The Rethink Church Twitter account suggested I was making too much out of one word.

So, here I am again. I read this nice tribute to a man who was butchered, and I can’t get past that word “only.” The story says, “the only forces that can warm and light the bleakest of days” are our common humanity and the love that sustains us.

Maybe the author of these lines would permit me to read “love” theologically. That would take some of the edge off my unease.

But I am not sure he means the word to refer to God.

And so I’m stuck wanting to argue with this pronouncement in a way that will come across as church-y and all the other things we are supposed to avoid in this post-modern moment. That the young man in question converted to Islam, rejecting the Christianity nurtured by his family in a United Methodist Church, makes what I want to say even less palatable in this day and age.

I want to say to the author of that piece that there is a source of light much brighter than the feeble glow of our shared humanity. We are not condemned to huddle around our TV screens baffled by the barbarism and darkness of the world. There is a light that is brighter than death. In the approaching season of Advent, we celebrate that light as the world engages in an orgy of man-made commercialism and excess.

But I don’t know how to say those words in a way that will be heard in a world that imagines we have nothing more than our humanity to warm the cold winter night.

Fitting Hays with a black hat?

I hope I am wrong about this, but I wanted to share some thoughts about the controversy at Duke Divinity School. The facts at the heart of the controversy are contested right now, and I have no first-hand knowledge of the events, so rather than attempt to summarize the matter here are a couple of news stories about it: 1, 2.

Some of my colleagues in the Methoblog and Twitterverse have reacted as if this is no big deal and will blow over. Richard Hays is a respected scholar. All he did was quote the doctrine of the United Methodist Church as dean of a United Methodist seminary. This is Duke, after all.

I hope so.

What I have seen among those who call themselves moderates and conservatives in the UMC in recent years, however, is a shocking lack of understanding how political and protest movements operate. One of the first goals of a successful protest is to have a clearly defined enemy. This is often a person, someone on whom the protest can focus attention and use as a symbol. Dean Hays has been nominated for that role. Whether he seems like a villain to many Duke alumni or the many pastors who read and admire his books is beside the point. He is being nominated to wear the black hat in a drama that will play out mostly before people who have no idea who Richard Hays is and have never read a word he has written.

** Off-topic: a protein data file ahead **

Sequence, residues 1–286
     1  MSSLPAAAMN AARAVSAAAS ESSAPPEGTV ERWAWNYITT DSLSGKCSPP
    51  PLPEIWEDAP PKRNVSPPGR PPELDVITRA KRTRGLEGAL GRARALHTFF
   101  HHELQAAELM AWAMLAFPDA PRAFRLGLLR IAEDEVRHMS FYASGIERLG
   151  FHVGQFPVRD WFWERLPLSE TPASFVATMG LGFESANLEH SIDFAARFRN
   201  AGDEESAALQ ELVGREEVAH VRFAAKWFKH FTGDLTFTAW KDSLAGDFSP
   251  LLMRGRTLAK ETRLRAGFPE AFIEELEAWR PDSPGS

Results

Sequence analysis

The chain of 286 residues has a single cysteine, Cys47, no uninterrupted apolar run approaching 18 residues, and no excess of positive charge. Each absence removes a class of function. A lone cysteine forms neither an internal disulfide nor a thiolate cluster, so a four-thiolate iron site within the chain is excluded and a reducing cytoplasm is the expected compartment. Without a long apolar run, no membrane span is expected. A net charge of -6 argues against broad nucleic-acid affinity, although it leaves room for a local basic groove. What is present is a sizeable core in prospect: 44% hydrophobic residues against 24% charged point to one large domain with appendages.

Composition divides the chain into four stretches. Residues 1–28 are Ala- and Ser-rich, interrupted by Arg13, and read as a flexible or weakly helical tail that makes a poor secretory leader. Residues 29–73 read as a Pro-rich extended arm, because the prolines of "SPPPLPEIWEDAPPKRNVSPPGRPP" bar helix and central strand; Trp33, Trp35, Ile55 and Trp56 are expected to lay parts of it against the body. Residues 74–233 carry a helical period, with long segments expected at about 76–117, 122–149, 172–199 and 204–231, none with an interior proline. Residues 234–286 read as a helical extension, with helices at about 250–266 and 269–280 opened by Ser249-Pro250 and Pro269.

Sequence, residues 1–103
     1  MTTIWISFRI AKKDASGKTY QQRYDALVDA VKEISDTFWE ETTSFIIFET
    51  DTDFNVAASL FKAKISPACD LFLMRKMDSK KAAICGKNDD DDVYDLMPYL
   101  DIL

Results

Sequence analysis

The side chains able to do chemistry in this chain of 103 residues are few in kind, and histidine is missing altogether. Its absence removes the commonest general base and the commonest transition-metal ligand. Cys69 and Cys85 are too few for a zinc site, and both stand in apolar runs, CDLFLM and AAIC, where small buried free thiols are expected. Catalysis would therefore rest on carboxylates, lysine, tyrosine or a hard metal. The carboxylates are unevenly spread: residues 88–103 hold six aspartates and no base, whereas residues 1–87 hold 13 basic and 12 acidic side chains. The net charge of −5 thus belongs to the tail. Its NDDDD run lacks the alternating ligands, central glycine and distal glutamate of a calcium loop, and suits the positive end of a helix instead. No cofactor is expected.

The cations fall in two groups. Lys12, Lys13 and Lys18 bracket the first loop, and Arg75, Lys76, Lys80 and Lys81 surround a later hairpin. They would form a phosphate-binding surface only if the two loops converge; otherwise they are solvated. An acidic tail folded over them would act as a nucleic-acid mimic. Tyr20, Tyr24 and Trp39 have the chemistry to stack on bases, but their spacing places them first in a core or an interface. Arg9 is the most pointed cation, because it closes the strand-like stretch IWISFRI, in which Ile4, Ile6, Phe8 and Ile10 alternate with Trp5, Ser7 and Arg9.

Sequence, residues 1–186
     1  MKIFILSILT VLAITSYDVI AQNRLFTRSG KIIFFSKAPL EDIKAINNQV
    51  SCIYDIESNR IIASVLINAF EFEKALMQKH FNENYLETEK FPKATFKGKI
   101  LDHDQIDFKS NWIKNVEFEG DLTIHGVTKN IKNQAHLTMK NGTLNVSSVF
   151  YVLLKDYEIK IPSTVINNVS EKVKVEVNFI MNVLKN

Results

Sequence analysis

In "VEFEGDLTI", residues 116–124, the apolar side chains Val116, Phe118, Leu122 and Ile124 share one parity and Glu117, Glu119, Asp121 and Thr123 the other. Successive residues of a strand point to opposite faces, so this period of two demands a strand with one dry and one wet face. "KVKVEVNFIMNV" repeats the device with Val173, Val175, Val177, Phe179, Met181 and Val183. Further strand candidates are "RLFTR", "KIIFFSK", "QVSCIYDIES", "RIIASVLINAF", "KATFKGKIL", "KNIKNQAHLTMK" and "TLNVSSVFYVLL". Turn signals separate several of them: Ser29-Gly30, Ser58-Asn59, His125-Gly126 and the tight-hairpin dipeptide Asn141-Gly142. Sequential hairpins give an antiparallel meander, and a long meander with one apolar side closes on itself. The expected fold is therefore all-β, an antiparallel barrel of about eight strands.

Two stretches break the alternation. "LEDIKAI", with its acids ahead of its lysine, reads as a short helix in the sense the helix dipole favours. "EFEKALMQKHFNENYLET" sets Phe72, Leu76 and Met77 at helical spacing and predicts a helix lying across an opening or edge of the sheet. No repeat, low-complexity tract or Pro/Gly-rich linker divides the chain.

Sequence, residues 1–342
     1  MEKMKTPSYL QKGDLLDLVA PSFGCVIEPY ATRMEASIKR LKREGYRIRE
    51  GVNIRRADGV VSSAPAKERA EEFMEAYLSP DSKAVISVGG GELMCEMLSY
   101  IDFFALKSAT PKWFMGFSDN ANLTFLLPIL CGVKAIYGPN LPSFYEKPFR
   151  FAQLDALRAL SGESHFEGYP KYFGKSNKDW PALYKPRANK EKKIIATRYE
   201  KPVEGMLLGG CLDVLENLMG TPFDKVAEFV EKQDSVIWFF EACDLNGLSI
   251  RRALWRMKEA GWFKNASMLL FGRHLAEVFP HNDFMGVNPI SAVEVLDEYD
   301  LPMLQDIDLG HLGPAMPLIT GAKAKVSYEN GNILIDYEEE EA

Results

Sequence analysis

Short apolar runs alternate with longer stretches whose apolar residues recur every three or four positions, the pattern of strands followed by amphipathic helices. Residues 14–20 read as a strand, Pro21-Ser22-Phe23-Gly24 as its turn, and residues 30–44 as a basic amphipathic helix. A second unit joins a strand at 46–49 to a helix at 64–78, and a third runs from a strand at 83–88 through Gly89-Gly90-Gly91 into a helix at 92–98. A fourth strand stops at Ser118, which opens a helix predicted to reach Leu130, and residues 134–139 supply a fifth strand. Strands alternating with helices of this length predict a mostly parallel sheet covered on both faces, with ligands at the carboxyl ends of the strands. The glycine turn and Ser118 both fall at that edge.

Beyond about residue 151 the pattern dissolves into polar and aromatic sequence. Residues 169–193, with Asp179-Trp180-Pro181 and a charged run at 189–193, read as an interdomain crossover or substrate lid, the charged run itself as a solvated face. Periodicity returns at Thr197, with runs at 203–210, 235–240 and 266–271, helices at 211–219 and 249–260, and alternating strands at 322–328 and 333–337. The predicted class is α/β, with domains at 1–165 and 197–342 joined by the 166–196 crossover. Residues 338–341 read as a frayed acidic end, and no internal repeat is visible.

Perhaps he will succeed in declining the invitation.

Another rule that I fear is not understood at the moment is that in politics the norms of academic debate and discussion have no authority. Dean Hays appears to be attempting to respond to the crisis as if it were merely an internal seminary concern. If he succeeds in keeping the controversy on that ground, then he will likely resolve the crisis with little long-term damage to himself or Duke. But already the engines of political action are in gear. People are spreading versions of events designed to provoke outrage. People are throwing around words like “abuse of power” and other people are repeating them. People are reading the letter Hays wrote and accusing him of attacking the woman who asked the question that led to the controversy: A white man with power using his power and privilege to attack and silence a dissenting female voice. The narrative builds this way.

One of the news stories linked above says Hays has invited key student leaders to sit down and talk about the issue. If the students — or others — demand a public spectacle in the place of personal conversation, you can rest assured that the demands of the protest are driving the agenda.

I hope I’m wrong.

I recall a story at another United Methodist seminary where a successful pastor was lambasted for sharing his honest efforts to honor his convictions about biblical morality and pastoral care. Interestingly, that story also involved the quotation of the United Methodist Book of Discipline. The school responded by apologizing.

Hays has not apologized. Indeed, he has been criticized (in a post Tweeted by the Reconciling Ministries Network) for seeking to clarify rather than apologize. I hope he and Duke are able to work on the issues internally, but I worry that such hopes are naive.

What people with Down syndrome are worth

It appears women will soon have a better test to determine if their unborn babies have Down syndrome.

This story about the new test speaks of the $6 billion market that the test will create as women who can “afford to be choosy” pay for the testing.

The story does not mention the likely outcome of those tests.

Jean Vanier, Stanley Hauerwas, and Amos Yong have taught me to see such stories in a different light than I might have at one time in my life. The popularity of such tests reveal to us that we live in a society that declares people with Down syndrome of no worth. We would, if we could, prevent them from being born.

How does the church witness to God’s love for all his creations in the face of a secular discourse that decrees it is more merciful to eliminate people rather than care for them?